Now, as a father, Liu spends a lot of time photographing his daughter instead of Hefei’s old streets. When he was offered an opportunity to become a full-time photographer, he declined, choosing instead to humbly continue his work inspecting water meters. For Liu, photography was never about advancing his position or chasing fame and fortune – he just wanted to experience more of what life was about, to fully live life and live it well.


Instagram: @Grinch0748
Weibo: ~/Grinch1982


Contributor: Chen Yuan
Images Courtesy of Liu Tao

Instagram: @Grinch0748


供稿人: Chen Yuan

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October 26, 2017 2017年10月26日

Written in not-so-perfect English, a sign at the Bangkok Railway Station reads, “Travelling by Train is Comfort, Economical, Fast and Safe.” This nostalgic form of transport has long piqued the curiosity of Thai photographer, Watcharawit Phudork, who created his series, DELAYED, centered around the 19-hour train journey from Bangkok to his hometown of Hat Yai.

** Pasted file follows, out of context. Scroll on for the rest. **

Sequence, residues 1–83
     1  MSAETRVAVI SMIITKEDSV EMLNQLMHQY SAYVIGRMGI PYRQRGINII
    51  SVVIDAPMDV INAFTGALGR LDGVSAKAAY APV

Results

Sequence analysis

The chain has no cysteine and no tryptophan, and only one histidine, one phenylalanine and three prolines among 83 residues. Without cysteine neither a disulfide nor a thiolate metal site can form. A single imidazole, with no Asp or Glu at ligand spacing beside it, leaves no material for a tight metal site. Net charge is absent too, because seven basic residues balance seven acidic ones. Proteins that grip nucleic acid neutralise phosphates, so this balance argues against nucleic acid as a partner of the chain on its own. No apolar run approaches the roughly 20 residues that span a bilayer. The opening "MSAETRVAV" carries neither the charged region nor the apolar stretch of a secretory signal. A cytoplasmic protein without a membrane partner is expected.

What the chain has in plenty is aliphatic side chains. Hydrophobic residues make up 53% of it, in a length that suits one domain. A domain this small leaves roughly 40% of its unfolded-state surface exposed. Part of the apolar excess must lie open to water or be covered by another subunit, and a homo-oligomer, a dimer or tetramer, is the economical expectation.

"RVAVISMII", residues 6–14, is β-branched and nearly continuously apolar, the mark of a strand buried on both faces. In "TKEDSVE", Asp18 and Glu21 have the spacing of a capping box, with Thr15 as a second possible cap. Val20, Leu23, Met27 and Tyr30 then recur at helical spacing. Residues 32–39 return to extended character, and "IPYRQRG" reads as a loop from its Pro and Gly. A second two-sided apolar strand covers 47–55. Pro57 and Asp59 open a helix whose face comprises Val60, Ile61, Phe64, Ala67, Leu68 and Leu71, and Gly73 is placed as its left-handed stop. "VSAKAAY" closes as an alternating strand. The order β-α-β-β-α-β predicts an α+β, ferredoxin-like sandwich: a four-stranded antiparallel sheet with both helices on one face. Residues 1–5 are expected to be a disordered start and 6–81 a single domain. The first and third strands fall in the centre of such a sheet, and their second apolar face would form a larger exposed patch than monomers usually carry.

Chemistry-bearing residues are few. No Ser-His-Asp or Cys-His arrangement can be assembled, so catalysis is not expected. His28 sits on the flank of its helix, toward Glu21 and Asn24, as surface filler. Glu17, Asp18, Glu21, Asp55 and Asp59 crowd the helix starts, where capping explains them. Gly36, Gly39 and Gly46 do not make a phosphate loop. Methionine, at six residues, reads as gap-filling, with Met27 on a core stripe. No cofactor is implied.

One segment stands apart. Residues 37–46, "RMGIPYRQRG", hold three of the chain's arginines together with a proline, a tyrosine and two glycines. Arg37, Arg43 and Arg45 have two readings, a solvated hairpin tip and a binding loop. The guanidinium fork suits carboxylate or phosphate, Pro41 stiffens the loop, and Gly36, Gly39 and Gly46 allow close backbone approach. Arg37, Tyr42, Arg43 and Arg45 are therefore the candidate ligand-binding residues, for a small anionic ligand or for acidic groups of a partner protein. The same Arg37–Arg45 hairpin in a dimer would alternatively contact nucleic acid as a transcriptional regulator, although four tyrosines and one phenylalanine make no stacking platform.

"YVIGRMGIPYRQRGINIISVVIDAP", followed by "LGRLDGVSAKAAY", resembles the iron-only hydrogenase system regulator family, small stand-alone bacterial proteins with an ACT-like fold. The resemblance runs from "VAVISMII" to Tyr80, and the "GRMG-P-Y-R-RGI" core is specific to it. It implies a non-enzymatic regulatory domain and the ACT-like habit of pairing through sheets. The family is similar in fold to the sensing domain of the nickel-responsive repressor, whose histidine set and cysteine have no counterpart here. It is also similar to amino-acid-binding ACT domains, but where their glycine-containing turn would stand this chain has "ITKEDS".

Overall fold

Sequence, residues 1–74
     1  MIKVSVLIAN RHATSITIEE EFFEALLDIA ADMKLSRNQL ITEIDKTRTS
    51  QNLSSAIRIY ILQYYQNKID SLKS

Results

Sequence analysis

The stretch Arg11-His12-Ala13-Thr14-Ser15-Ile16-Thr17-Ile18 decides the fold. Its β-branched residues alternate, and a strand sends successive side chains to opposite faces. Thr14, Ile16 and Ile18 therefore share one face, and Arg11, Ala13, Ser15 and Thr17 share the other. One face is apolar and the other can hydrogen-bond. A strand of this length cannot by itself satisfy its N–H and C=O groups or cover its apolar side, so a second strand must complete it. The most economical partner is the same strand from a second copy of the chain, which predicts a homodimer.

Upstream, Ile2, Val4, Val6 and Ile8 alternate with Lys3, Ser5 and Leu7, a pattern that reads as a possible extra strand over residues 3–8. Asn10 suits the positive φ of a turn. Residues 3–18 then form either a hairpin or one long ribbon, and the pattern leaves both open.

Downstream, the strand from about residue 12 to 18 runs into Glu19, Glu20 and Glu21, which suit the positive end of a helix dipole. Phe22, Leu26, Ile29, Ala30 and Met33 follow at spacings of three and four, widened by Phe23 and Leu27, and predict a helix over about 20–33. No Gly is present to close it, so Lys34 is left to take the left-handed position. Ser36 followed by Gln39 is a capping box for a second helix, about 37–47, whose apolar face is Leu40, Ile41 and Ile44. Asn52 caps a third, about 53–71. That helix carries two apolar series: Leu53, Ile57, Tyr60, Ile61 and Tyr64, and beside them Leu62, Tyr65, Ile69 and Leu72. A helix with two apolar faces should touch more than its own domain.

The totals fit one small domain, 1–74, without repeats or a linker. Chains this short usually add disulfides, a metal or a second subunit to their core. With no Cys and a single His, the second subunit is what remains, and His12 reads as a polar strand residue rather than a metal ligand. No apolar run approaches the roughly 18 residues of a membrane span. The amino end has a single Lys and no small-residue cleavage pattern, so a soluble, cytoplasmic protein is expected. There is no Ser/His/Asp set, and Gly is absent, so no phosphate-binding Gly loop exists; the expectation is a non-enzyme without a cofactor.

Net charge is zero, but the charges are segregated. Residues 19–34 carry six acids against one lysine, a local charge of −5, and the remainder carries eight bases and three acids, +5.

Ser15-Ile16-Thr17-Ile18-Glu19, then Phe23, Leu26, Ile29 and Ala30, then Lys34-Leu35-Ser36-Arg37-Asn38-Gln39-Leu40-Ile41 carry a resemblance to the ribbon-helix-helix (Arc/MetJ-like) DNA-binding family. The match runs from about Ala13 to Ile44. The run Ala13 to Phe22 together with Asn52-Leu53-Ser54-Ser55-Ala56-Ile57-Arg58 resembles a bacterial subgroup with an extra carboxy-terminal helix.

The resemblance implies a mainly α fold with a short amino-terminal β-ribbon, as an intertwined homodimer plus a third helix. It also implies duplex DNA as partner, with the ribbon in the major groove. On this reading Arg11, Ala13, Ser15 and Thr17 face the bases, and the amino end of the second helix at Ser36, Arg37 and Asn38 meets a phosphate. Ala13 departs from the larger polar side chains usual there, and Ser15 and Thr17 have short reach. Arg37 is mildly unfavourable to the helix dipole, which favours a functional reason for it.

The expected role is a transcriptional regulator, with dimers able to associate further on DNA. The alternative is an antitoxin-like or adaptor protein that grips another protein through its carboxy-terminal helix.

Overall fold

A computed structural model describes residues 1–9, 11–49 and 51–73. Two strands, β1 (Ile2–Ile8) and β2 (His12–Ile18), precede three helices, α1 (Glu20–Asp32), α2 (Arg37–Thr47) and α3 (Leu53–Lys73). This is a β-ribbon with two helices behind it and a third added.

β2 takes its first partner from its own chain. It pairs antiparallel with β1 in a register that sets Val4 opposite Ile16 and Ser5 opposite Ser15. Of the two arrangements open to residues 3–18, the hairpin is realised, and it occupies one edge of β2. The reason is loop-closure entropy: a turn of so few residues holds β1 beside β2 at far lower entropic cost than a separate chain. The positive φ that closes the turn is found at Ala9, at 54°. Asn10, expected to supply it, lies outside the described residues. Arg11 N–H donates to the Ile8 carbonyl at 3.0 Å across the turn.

乘火车旅行,舒适、经济、快速、安全”—— 这是曼谷火车站的一个标语。这种传统交通方式,激起了泰国摄影师Watcharawit Phudork的好奇心,将镜头对准从曼谷到他的家乡合艾共19个小时的火车旅程,创作出摄影系列《DELAYED》(晚点)。

Phudork notes that whilst other forms of transportation excel both in speed and economically, there is a still a sizable demand for Thailand’s slowest form of domestic travel. With a mind full of questions and a camera in hand, he bought the cheapest ticket available and embarked on his near day-long journey home.